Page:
A Political Six Pack

A Political Six Pack

As the qualifying period for Marathon’s City Council wound down to the final minutes this past Tuesday former Marathon Mayor tossed his hat into the ring for the sixth time.

“I love Marathon,” Bartus says. “We live on a tropical island that is a wonderful small town and we need to protect and preserve that for our residents.”

He joins a field of five other candidates vying for two available seats on the Marathon City Council. The at-large election will take place November 3.

Incumbents Mike Cinque and Don Vasil will be challenged by perennial candidate “Bicycle Joannie” Nelson, Bartus, and newcomers Kevin Kenney and Richard Keating.

“I really think there’s need to be more transparency in the local government,” local flats guide Kevin Keating told The Weekly. “There also needs to be more accountability for the decisions being made. Our small businesses are really starting to suffer.” Keating says his decision to enter local politics was made because he was, “tired of standing on the sidelines.”

He also said since he answers to no one in town and does not have a personal agenda, he’s anxious for his first venture into public service. He and his wife, Laural, have two sons, Glen, 24,
and Richey, 14.

Seeking re-election is current Marathon Vice Mayor, Don Vasil, who ran on a platform of fiscal responsibility during his last campaign. He is a former corporate executive and small business owner and relocated to Marathon nearly ten years ago with his wife, Ginny. He recently came out of retirement and launched his own building and maintenance business.

“My main focus as always,” said Vasil. “Will be city spending and right now, due to national economic conditions, making sure that city government does everything possible to make sure that our private sector remains financially healthy.”

One of Vasil’s main visions is Marathon as a thriving harbor community and has championed for marina expansion and plans on continuing with his cause if re-elected.  “I would like to see my vision for the marina continued and support ideas from the Economic Development group that I spearheaded.”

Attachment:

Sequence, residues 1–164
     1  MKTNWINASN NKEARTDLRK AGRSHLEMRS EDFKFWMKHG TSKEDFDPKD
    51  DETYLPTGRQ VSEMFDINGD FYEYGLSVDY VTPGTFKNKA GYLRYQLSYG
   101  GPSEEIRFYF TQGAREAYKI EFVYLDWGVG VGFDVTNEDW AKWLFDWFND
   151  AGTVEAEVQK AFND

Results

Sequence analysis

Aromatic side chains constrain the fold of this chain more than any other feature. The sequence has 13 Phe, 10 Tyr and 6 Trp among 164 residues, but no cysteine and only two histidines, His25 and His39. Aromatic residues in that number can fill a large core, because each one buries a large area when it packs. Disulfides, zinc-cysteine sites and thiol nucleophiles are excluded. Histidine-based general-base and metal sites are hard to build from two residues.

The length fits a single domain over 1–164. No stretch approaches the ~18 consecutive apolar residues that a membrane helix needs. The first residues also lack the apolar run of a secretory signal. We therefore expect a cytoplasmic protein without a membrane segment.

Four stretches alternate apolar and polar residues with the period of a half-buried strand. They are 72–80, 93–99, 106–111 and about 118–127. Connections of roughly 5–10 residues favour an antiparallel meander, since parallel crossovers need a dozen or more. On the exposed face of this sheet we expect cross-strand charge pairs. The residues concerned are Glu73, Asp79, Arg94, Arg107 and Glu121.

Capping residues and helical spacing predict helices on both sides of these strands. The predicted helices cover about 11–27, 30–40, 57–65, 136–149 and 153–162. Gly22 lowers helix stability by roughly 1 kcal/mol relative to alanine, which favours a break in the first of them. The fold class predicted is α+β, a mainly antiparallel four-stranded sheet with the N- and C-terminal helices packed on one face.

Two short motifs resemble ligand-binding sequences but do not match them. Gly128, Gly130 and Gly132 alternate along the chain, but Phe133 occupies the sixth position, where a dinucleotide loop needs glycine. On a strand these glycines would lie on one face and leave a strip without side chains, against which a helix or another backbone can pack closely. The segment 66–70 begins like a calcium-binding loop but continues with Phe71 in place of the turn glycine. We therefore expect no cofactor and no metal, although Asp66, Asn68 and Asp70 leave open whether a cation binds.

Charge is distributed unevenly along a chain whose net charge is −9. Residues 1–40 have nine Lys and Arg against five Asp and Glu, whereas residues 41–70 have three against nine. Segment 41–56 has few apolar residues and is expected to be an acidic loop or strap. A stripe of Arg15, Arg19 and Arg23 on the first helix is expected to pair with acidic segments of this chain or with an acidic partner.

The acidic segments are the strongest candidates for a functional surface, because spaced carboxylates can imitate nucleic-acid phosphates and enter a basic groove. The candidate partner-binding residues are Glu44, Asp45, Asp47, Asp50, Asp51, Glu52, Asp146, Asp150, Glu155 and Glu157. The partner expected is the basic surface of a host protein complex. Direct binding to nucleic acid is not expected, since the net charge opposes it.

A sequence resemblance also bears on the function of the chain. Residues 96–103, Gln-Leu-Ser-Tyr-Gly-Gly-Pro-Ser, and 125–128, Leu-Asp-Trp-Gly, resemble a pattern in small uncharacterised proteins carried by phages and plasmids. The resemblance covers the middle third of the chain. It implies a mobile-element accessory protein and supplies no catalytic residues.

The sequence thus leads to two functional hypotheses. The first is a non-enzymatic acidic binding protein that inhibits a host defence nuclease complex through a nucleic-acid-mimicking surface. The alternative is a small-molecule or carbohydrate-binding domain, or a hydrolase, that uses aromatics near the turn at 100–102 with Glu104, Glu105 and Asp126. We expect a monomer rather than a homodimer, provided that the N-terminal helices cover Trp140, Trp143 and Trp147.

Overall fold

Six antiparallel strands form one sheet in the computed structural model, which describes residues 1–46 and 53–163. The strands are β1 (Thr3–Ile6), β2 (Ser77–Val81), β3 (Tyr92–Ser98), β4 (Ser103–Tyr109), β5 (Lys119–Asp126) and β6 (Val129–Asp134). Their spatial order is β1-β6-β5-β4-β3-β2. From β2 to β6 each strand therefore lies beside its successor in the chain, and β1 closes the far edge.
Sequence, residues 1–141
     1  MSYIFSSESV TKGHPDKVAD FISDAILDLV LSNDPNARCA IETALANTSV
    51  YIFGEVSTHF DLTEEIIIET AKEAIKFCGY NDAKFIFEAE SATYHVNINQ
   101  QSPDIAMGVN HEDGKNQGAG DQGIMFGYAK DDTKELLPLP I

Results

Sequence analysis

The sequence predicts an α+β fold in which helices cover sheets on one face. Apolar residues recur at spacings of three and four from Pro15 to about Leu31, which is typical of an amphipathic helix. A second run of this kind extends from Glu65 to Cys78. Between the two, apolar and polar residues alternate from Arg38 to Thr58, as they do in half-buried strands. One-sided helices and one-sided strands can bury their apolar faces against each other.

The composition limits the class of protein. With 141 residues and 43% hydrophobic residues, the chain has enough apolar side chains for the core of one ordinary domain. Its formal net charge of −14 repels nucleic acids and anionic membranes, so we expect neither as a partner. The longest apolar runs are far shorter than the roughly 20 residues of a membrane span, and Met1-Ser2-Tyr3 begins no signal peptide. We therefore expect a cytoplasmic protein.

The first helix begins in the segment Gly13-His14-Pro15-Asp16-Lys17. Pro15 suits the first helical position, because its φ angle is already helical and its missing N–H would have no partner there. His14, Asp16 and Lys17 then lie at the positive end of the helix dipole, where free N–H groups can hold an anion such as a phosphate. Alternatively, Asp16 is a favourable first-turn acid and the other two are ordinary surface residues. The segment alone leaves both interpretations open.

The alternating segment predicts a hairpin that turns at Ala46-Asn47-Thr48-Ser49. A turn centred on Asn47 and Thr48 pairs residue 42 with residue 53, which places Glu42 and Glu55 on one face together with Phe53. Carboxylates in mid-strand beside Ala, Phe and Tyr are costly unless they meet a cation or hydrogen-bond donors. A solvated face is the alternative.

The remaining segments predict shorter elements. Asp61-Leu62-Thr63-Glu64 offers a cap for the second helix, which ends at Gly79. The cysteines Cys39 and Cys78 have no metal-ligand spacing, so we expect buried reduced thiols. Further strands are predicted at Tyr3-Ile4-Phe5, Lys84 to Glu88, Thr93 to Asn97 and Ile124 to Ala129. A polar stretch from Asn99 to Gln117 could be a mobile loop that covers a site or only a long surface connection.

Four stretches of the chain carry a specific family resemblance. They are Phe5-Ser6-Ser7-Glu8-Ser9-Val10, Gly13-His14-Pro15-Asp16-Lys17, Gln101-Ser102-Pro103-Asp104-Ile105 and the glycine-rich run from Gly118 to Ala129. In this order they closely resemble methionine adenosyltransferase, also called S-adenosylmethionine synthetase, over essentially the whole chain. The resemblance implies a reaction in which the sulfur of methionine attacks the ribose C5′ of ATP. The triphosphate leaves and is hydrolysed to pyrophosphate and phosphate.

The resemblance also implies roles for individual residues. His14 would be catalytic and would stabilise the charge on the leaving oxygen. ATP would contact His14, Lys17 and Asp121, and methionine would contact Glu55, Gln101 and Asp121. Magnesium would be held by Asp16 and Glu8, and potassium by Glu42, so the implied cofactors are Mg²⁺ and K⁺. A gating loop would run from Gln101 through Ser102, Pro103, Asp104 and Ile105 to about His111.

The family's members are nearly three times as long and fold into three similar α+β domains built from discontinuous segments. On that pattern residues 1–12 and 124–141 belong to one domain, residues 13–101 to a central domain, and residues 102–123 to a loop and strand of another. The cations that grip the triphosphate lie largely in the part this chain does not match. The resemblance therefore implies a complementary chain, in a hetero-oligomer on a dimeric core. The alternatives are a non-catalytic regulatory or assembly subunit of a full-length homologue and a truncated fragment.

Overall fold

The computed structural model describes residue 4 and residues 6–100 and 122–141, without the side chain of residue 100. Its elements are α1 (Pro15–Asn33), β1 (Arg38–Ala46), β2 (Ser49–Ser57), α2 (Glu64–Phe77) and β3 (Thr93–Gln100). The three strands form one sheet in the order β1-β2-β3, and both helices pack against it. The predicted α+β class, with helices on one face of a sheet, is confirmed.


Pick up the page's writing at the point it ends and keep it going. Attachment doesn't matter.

Also asking the voters for another two years on the dais is Marathon Mayor Mike Cinque, a major force behind Marathon’s incorporation.

“I just want to continue to work with my fellow citizens,” Cinque said. “I have had the pleasure of working with my neighbors in the Florida Keys for nearly 40 years and Marathon is moving in the right direction. Sewers are on schedule, the boat ramps are looking good. I also understand the challenges of paying for all the municipal projects. And we have the most cost effective and efficient services and government in Monroe County, probably in South Florida.”

While issues like a Grassy Key Fire Station and the beautification of Overseas Highway remain popular topics, Cinque says that during these economic times, basic services and safety must take top priority.

Bartus, who a professional musician and small businessman who currently serves on the Chamber of Commerce Board of Directors, said, “I want to work with the business community and bring back resident participation. I also think the people of Marathon deserve a councilman whose only interest is them.”

In 2005, Bartus led the fight to assume control of the wastewater from the FKAA and looks forward to seeing the project’s completion. “After sewers and stormwater are complete, we need to explore a new relationship with the state and pursue a new growth management plan to address the restrictions that are currently in place.”

Tireless campaigner Joan “Bicycle Joannie” Nelson is also back in. A champion of “the Little People,” Nelson is a 30+-year Marathon resident and has been a literature professor, waitress and professional food tester.

Kevin Keeney was unavailable for comment.

 

Keating
Flats guide Richard Keating is entering his first race for public office.

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